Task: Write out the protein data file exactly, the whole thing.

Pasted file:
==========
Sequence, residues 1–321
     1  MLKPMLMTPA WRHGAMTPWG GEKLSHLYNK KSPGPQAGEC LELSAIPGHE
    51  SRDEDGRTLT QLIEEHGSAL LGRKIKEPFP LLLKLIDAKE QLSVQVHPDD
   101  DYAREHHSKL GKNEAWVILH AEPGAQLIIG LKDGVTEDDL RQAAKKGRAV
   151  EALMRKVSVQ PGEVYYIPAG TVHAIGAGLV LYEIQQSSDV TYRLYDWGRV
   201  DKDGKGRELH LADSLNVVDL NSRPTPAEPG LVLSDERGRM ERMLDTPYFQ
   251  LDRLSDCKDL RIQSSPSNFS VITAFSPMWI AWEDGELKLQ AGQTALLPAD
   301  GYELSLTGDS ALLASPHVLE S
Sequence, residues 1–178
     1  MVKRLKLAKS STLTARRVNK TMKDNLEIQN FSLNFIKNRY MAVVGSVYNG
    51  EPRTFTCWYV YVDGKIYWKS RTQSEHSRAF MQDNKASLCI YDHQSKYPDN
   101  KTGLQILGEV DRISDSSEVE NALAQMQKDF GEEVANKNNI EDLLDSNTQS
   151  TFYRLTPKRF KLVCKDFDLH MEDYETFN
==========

Sequence, residues 1–321
     1  MLKPMLMTPA WRHGAMTPWG GEKLSHLYNK KSPGPQAGEC LELSAIPGHE
    51  SRDEDGRTLT QLIEEHGSAL LGRKIKEPFP LLLKLIDAKE QLSVQVHPDD
   101  DYAREHHSKL GKNEAWVILH AEPGAQLIIG LKDGVTEDDL RQAAKKGRAV
   151  EALMRKVSVQ PGEVYYIPAG TVHAIGAGLV LYEIQQSSDV TYRLYDWGRV
   201  DKDGKGRELH LADSLNVVDL NSRPTPAEPG LVLSDERGRM ERMLDTPYFQ
   251  LDRLSDCKDL RIQSSPSNFS VITAFSPMWI AWEDGELKLQ AGQTALLPAD
   301  GYELSLTGDS ALLASPHVLE S
Sequence, residues 1–178
     1  MVKRLKLAKS STLTARRVNK TMKDNLEIQN FSLNFIKNRY MAVVGSVYNG
    51  EPRTFTCWYV YVDGKIYWKS RTQSEHSRAF MQDNKASLCI YDHQSKYPDN
   101  KTGLQILGEV DRISDSSEVE NALAQMQKDF GEEVANKNNI EDLLDSNTQS
   151  TFYRLTPKRF KLVCKDFDLH MEDYETFN